Conversations with the Minister series: Housing density – there are more options than ‘up’

| April 26, 2017

A key component to delivering housing affordability will be a community conversation around density. NSW Minister for Planning, Housing, and Special Minister of State, the Hon. Anthony Roberts MP, says we should consider options beyond the traditional model of free-standing houses and apartments.


The state government recognises that the dream of owning a home in Sydney has become tough for younger generations to realise. While many baby boomers comfortably own their homes, it’s their children and grandchildren they worry will never be able to.

NSW’s strong economy gives us a chance to think innovatively about how we can extend benefits to many, providing homes in new ways, of different kinds, and with different ownership models.

A key component to delivering housing affordability will be a community conversation around density. The government’s view to meet the housing needs of present and future generations centres around the need for a greater variety in dwelling sizes and types as well to cater for different needs and desires.

Demographics – How are our communities changing?

  • Sydney’s ageing population and a boost in the number of children predicted to be born in the next 20 years means the city will need to find new ways to provide homes that cater for the needs of all sectors of society.
  • Sydney will have almost 500,000 more people aged 65 years or more.
  • There are likely to be over 1.5 million babies born between 2016 and 2036. This means family households will continue to make up half of all households in Sydney.
  • In Sydney, much of the demand for more housing is from young families, but home ownership for people in the 20-35 age group keeps falling because it’s hard for them to get a toe-hold in the market.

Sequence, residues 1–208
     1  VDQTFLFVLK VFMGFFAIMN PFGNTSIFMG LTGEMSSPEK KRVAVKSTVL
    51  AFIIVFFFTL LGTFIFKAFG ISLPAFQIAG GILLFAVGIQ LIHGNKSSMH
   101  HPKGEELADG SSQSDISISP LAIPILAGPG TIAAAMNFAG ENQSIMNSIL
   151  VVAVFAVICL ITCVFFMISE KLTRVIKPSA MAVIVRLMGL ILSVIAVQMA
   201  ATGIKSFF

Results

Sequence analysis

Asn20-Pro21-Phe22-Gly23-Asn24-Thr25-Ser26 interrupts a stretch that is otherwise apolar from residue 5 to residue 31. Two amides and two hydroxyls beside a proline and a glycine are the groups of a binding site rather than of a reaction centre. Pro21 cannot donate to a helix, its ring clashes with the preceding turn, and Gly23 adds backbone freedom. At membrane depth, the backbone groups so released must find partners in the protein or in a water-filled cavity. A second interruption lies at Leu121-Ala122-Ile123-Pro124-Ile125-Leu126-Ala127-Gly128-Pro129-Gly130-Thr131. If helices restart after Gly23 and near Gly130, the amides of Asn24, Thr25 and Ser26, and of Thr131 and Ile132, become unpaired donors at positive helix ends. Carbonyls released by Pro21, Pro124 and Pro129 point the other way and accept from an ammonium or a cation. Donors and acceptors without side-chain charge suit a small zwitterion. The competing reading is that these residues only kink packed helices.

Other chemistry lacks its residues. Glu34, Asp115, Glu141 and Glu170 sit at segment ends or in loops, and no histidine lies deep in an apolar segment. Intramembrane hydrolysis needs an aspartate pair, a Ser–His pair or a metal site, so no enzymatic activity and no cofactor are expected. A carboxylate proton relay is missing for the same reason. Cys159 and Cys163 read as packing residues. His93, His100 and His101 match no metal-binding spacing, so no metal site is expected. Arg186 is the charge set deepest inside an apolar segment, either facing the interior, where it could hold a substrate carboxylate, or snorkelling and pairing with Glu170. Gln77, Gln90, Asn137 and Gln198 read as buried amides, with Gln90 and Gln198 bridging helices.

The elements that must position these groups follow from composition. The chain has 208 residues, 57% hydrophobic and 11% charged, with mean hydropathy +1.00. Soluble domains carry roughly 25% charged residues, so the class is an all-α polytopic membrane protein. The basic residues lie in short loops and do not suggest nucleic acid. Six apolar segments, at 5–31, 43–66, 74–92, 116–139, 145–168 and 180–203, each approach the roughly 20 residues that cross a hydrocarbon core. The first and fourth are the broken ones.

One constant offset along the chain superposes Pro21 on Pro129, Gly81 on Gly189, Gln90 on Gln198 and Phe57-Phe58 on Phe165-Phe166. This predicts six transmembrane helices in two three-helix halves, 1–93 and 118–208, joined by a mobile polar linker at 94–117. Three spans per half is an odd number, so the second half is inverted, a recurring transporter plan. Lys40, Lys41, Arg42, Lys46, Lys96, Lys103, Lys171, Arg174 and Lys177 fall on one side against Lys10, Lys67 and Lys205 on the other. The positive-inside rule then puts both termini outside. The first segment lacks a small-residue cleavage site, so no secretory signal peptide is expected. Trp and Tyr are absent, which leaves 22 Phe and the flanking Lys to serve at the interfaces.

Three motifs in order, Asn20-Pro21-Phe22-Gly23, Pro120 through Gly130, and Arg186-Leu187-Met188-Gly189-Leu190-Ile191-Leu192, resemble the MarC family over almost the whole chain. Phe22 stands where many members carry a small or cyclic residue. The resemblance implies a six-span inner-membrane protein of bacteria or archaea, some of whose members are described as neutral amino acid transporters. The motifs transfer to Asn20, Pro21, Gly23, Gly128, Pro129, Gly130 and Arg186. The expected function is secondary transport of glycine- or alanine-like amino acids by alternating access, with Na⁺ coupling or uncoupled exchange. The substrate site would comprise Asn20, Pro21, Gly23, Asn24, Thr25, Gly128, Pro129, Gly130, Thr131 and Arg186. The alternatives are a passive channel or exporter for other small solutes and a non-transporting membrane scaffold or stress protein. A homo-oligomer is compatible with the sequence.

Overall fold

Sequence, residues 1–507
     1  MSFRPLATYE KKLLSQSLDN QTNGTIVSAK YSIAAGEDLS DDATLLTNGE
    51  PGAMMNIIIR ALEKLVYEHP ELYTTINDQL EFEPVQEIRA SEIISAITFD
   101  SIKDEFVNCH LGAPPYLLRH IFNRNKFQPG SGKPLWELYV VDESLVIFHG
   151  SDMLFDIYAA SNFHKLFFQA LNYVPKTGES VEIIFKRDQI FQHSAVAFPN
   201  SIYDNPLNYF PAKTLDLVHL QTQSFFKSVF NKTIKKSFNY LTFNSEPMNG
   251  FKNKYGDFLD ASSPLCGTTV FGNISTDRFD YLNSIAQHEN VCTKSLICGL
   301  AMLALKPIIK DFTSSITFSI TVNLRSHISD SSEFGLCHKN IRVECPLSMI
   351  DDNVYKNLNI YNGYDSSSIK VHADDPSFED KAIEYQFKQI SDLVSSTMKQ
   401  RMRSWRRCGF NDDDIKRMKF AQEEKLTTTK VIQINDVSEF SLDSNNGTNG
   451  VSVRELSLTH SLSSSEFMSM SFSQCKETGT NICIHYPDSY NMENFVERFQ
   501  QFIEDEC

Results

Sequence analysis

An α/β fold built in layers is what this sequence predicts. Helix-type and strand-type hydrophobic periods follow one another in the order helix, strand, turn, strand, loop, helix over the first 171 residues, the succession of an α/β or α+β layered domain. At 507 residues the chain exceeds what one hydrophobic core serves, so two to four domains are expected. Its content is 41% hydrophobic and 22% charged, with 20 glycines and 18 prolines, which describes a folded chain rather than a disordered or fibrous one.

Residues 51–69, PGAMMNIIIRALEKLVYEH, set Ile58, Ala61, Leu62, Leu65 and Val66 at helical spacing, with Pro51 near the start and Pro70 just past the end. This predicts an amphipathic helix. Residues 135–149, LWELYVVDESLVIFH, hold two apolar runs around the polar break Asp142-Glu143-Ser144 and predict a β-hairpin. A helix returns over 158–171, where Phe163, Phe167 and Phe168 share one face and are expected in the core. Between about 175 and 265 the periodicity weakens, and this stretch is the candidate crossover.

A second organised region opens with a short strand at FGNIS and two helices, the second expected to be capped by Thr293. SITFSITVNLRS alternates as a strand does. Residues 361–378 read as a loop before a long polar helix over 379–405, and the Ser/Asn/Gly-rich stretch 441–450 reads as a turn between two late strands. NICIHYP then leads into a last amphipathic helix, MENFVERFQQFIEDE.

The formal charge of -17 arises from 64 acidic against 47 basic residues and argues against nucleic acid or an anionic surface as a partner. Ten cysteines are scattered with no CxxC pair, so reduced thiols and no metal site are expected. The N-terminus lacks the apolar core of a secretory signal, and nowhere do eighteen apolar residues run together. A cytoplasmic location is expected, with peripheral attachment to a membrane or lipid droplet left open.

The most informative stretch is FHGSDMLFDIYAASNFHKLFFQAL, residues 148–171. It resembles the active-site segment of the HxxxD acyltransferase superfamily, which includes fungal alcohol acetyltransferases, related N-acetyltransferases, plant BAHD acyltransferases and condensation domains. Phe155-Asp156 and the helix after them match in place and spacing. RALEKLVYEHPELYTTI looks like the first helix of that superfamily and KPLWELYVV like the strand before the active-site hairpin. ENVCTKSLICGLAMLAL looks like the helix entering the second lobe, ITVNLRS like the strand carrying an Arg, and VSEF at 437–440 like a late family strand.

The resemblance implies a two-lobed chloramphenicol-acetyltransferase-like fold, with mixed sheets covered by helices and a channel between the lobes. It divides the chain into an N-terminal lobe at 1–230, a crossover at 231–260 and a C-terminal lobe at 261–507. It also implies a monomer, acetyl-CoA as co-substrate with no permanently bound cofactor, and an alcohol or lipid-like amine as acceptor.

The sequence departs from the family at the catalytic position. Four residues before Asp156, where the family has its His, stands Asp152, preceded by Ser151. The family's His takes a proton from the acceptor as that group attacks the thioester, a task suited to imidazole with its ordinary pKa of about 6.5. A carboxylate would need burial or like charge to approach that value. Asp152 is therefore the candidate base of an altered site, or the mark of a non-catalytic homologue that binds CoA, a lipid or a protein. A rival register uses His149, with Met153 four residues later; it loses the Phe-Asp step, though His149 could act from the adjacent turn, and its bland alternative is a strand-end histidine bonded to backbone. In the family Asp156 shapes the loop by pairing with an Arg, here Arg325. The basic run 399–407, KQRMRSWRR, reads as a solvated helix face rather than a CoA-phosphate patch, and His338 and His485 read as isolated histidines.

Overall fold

Density design options – Missing middle

  • Currently, most new homes built in NSW tend to fall into two categories: traditional free-standing houses and apartments. What’s missing is the range of housing types that fall between these two categories: terrace houses, townhouses, manor homes, villas, dual-occupancy homes and so on.
  • Terrace-style housing’s more affordable because it needs less land area than a detached home. Recent data from RPS Group shows this gap is evident in many inner-middle ring Sydney suburbs such as Five Dock, Lane Cove, Marrickville and Northbridge, which all have less than 20 per cent terrace-style housing.

Medium density design guide and code

  • We’ve released a draft Medium Density Design Guide and an Explanation of Intended Effect for a new Medium Density Housing Code for consultation.
  • The design guide will apply to development applications and complying developments. It provides for new supplies of:
    • terrace-style housing on Torrens and strata-titled lots;
    • dual occupancies and semi-detached dwellings;
    • villa and townhouse developments;
    • community-titled, master-planned and medium-density developments; and
    • manor houses and ‘one on top of other’ dual occupancies of between two and four dwellings.

Benefits of medium density